16 TWH and OSHA Standards Are there any that consider a worker’s general health? Not just focused on prevention of injury or illness https://www.osha.gov/pls/oshaweb/owadisp.show_ document?p_table=STANDARDS&p_id=9783 https://www.osha.gov/pls/oshaweb/owadisp.show_ document?p_table=STANDARDS&p_id=9783 Are there standards that should do so but don’t? When we consider TWH and integration, should it become regulatory? 16

17 *Examples of Integrated Approaches Respiratory protection programs that address tobacco use and smoking cessationRespiratory protection programs that address tobacco use and smoking cessation Ergonomics programs that teach joint health and arthritis managementErgonomics programs that teach joint health and arthritis management Stress management classes that seek to diminish workplace stressors, personal stressors and build resiliencyStress management classes that seek to diminish workplace stressors, personal stressors and build resiliency Integrated training and prevention programs (falls, motor vehicle safety, first aid, hearing conservation, stretching, flexibility and lifting programs) Integrated training and prevention programs (falls, motor vehicle safety, first aid, hearing conservation, stretching, flexibility and lifting programs) Comprehensive screenings for work and non-work risks Comprehensive screenings for work and non-work risks Full integration of: clinics, behavioral health, traditional safety, health promotion programs, coaching, EAP, nutrition, disability and workers compensation. Full integration of: clinics, behavioral health, traditional safety, health promotion programs, coaching, EAP, nutrition, disability and workers compensation.

18 *TWH Advantages Workers’ risk of disease is increased by exposure to both occupational hazards and individual risk related behaviors Workers at highest risk for exposures to hazardous working conditions are often most likely to engage in risk-related health behaviors and live in higher risk communities Worker participation in integrated programs is higher than in single-intervention Manufacturing: Greater reduced risks - ergonomic, cardiovascular, job demand and job control risks Blue collar: Smoking quit rates in an integrated program more than doubled relative to a non-integrated program Sharing resources across departments and functions can be cost efficient and result in a lack of duplication in program offering Common set of metrics can be used by all programs Reduced competition for senior management attention and scarce resources Improvements in employee health will reduce medical care costs AND enhance worker safety, productivity, and organizational competitiveness Successful coordinated programs can save MORE money than they cost and achieve significant ROI

19 STATS, RESEARCH 19

20 *Every Day... 12,712 new reported cases of nonfatal occupational injuries and illnesses 9,315 workers are treated in emergency departments 9,315 workers are treated in emergency departments 258workers are hospitalized 258workers are hospitalized 134deaths from work-related illness 134deaths from work-related illness 14deaths from work-related injuries 14deaths from work-related injuries Source: MMWR, Vol. 59, No. 15, April 23,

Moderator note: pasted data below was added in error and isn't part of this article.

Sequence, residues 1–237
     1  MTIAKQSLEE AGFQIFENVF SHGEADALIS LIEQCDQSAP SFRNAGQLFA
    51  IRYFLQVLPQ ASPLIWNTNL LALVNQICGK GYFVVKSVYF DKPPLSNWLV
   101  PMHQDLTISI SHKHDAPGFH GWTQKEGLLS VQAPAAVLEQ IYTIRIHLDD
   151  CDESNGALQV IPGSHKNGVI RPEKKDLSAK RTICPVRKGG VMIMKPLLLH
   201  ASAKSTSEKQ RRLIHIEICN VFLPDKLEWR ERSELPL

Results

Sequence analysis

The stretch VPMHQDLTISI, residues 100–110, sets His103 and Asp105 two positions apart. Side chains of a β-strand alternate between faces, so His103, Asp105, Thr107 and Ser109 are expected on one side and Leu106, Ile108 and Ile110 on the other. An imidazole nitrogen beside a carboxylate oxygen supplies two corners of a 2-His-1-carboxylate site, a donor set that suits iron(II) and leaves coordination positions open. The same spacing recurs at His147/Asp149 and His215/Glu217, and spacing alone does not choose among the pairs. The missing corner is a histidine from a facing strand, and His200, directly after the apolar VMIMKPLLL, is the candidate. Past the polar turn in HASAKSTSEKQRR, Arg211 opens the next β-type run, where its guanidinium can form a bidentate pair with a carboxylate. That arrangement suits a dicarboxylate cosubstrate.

21 *Costs of Work-Related Incidents and Illnesses Employers and insurers spent $85 Billion on workers’ compensation in 2007, which is –Only a portion of the costs borne by employers, workers, and society, and  Excludes costs paid by other insurance systems and most of work-related illness costs Source: CDC Morbidity and Mortality Weekly Report. Volume 59, Number 15. April 23,

22 *Health Stats 22 Cancer 553,000 deaths, 1.3M new cases/yr553,000 deaths, 1.3M new cases/yr $89B in medical costs, $130B in lost work days & productivity$89B in medical costs, $130B in lost work days & productivityDiabetes >23.6M cases, >200,000 deaths/yr>23.6M cases, >200,000 deaths/yr $116B for medical issues,$58B for lost work & productivity$116B for medical issues,$58B for lost work & productivityCVD 80M cases, >870,000 deaths/yr80M cases, >870,000 deaths/yr $448B a year$448B a yearTobacco-Related 438,000 deaths438,000 deaths $96B in medical costs, $97B in direct costs$96B in medical costs, $97B in direct costs How do you see these Chronic Health Conditions affect your workplace? How do you see these Chronic Health Conditions affect your workplace? Source: National Center for Chronic Disease Prevention and Control [2008]

23 Ten Modifiable Health Risk Factors Are Linked To More Than One-Fifth Of Employer- Employee Health Care Spending Goetzel, et al Goetzel Health Aff November 2012 vol. 31 no Top 7 = Depression, high blood glucose, high blood pressure, obesity, tobacco use, physical inactivity, high stress strongly related to ↑ health care costs Need properly targeted employer- sponsored health promotion programs to produce substantial savings 23

24 Workplace Wellness Programs Can Generate Savings Baicker, et al Baicker Health Aff February 2010 vol. 29 no For every dollar spent on wellness programs: Medical costs fall ~$3.27 Absenteeism costs fall ~$2.73 Such a ROI indicates the financial, health, and productivity benefits of such programs 24